Similiter et omnes revereantur Diaconos, ut mandatum Jesu Christi; et Episcopum, ut
Jesum Christum, existentem filium Patris; Presbyteros autem, ut concilium Dei et
conjunctionem Apostolorum. Sine his Ecclesia non vocatur; de quibus suadeo vos sic

S. Ignatii Ad Trallianos.

And when this epistle is read among you, cause that it be read also in the church of
the Laodiceans.

THE BROAD-BACKED hippopotamus
Rests on his belly in the mud;
Although he seems so firm to us
He is merely flesh and blood.

Flesh and blood is weak and frail,
Susceptible to nervous shock;
While the True Church can never fail
For it is based upon a rock.

The hippo’s feeble steps may err
In compassing material ends,
While the True Church need never stir
To gather in its dividends.

The ‘potamus can never reach
The mango on the mango-tree;
But fruits of pomegranate and peach
Refresh the Church from over sea.

At mating time the hippo’s voice
Betrays inflexions hoarse and odd,
But every week we hear rejoice
The Church, at being one with God.

The hippopotamus’s day
Is passed in sleep; at night he hunts;
God works in a mysterious way-
The Church can sleep and feed at once.

I saw the ‘potamus take wing
Ascending from the damp savannas,
And quiring angels round him sing
The praise of God, in loud hosannas.

Blood of the Lamb shall wash him clean
And him shall heavenly arms enfold,
Among the saints he shall be seen
Performing on a harp of gold.

He shall be washed as white as snow,
By all the martyr’d virgins kist,
While the True Church remains below
Wrapt in the old miasmal mist.

Analysis, meaning and summary of T.S. Eliot's poem The Hippopotamus


  1. Faisal Abuzeani says:

    I think this poem is quite siimple, Eliot wrote this poem before he converted to christianty. He feels odd between the layers of the society like a hippo in a mud , mud here symbolizes sins and symbolicy states his believe in god but not that earthly church

  2. David Mortimer says:

    Two things not raised in what I have read here.
    Firstly the poem is addressed to the Laodecians.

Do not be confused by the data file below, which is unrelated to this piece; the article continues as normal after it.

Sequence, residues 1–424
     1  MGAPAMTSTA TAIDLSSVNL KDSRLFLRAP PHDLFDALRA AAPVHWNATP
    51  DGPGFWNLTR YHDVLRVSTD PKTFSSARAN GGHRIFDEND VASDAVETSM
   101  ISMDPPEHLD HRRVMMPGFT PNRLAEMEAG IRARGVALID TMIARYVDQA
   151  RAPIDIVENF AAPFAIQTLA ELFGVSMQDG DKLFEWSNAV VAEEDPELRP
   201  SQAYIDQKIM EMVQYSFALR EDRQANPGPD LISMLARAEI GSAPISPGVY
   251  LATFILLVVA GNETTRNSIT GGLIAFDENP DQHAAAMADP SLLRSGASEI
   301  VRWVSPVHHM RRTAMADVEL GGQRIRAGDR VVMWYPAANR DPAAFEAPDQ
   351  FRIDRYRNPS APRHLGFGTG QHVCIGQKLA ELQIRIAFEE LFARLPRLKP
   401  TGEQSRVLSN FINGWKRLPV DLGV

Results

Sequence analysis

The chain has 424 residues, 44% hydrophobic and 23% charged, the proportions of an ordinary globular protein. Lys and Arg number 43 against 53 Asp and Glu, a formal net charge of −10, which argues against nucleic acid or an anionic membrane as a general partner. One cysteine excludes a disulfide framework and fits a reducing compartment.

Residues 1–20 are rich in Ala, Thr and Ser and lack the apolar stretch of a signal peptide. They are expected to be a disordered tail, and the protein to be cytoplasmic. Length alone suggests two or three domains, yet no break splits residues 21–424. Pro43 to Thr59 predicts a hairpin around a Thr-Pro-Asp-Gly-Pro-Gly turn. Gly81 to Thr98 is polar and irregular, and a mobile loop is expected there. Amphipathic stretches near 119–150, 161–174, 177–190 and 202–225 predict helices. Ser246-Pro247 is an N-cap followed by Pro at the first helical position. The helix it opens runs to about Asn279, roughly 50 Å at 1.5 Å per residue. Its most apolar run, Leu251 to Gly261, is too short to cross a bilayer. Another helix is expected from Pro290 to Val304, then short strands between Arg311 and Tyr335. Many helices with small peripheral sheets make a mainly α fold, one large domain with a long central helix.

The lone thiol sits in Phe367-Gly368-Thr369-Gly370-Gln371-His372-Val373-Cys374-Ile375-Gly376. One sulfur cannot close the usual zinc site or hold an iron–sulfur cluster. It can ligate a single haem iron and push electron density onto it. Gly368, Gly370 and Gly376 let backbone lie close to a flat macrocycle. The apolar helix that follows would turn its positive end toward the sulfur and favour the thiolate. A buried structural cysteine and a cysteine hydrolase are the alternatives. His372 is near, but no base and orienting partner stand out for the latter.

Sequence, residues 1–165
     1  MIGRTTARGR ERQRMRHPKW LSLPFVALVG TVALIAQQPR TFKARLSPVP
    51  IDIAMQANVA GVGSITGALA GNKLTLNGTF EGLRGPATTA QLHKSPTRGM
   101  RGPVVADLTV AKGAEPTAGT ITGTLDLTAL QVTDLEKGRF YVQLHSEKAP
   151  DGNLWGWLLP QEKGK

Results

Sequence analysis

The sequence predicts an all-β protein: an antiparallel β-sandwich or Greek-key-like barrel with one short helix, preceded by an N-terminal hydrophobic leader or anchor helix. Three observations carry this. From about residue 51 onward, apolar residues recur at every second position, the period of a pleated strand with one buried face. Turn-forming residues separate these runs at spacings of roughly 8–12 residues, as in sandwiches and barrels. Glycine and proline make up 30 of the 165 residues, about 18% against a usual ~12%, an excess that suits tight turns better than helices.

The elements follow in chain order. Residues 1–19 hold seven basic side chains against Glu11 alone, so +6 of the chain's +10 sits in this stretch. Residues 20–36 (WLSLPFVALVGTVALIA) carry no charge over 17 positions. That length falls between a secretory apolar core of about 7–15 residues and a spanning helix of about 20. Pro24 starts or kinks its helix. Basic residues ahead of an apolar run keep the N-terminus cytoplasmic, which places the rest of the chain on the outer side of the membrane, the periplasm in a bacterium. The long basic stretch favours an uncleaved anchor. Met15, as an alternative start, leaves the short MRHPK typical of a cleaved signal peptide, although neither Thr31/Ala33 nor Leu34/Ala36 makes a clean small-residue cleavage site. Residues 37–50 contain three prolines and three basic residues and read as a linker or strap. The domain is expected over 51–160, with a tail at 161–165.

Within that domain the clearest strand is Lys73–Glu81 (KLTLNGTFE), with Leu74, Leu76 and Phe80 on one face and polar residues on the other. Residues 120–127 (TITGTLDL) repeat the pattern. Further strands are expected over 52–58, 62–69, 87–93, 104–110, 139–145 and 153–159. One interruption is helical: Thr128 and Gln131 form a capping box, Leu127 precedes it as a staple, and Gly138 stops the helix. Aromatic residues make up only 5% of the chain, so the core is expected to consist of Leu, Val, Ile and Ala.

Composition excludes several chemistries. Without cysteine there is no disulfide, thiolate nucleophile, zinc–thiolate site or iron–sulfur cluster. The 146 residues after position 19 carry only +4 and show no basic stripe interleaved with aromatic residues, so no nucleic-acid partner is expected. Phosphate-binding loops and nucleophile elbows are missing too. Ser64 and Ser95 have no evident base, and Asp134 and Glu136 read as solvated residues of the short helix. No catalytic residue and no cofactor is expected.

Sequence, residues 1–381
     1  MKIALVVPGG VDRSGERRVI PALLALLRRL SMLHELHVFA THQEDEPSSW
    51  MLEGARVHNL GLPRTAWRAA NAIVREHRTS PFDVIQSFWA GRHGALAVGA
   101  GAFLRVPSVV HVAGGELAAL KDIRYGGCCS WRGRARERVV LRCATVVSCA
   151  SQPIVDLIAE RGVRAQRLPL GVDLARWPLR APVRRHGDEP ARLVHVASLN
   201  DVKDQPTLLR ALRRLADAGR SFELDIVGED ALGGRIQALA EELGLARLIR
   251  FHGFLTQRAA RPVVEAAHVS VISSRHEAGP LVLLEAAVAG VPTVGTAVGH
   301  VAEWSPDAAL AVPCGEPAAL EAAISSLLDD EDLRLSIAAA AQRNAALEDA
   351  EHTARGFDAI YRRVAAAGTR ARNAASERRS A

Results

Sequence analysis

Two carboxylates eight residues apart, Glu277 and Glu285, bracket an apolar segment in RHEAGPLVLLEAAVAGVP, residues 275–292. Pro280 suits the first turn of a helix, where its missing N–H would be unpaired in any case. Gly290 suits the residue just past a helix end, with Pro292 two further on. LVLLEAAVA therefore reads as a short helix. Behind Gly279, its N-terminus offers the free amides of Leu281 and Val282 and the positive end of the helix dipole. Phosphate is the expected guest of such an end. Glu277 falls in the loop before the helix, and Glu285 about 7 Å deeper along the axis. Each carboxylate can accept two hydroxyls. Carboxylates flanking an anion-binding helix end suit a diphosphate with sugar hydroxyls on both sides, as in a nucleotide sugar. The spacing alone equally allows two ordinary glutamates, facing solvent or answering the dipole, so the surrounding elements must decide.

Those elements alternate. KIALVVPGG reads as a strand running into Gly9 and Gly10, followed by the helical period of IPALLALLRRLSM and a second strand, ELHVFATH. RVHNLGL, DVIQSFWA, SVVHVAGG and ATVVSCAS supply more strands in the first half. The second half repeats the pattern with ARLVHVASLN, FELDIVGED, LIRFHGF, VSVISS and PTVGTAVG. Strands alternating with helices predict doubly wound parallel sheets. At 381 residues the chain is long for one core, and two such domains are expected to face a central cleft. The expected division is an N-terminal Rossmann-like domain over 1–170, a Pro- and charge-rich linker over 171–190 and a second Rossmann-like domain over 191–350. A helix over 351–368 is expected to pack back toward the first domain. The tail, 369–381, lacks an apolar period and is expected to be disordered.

To quote another source: “the pejorative term Laodicean is used in the English language to refer to those neutral or indifferent in matters of faith”.
    Perhaps Eliot thought this poem would rock this tepid indifference?
    Secondly, the Church (Catholic at least) does not believe that animals can ascend to heaven. His vision is an affront to such believers.

  3. Naif alarabi says:

    i sure that this poem shows invalidity of the church.This admitation from this poet expresses the stute of peopl with church.The substitution is Islm

  4. Evan Clingman says:

    The Hippopotamus seems to me to be a satirical view of the institutionalized church and its stereotyped utterances…Mankind is weak and frail whereas the church claims to be strong and timeless…when man gathers possessions he is sinful but when the church does it, it is honorable…the ludicrousness of the resurrection story…the church’s fervent claims of a physical location, virgin-filled heaven…The capital letters on True Church suggest to me that he saw it as an untrue church wrapped in the miasmal mist of all its deceptions and false claims through the ages.

  5. jackielee says:

    definitly a poem open to interpretation. personally, i believe it revolves around the idea that the Church is not prejudice and welcomes all walks of life and is a very rewarding experience.

  6. Debbie says:

    note that TS Eliot turned Anglican 10 yrs after this poem was published

  7. human says:

    I believe the poem shows how, the hippo, any human, is frail and shall die, be forgotten, while ideas, in this case the Christian religion, is forever there,engraved, while the people who use it change. The last two stanzas give an interesting twist, that though humans are forgotten, they can break loose from humanity for that reason, allowing them to be then, above that idea, stuck below. maybe, just a thought.

  8. Ariela says:

    I believe the message that Eliot is trying to communicate in this poem is that by working hard all your life, as the Hippo does, and trying even if you don’t succeed, salvation is reached. But, as the church remains in one spot, has everything brought to it and never lifts a finger, it stays on the dismal earth. The message is similar to that of Hollow Men and Prufrock, where the men in question all in fact were soulless because, they really did nothing with their lives.

  9. Barb Gedman says: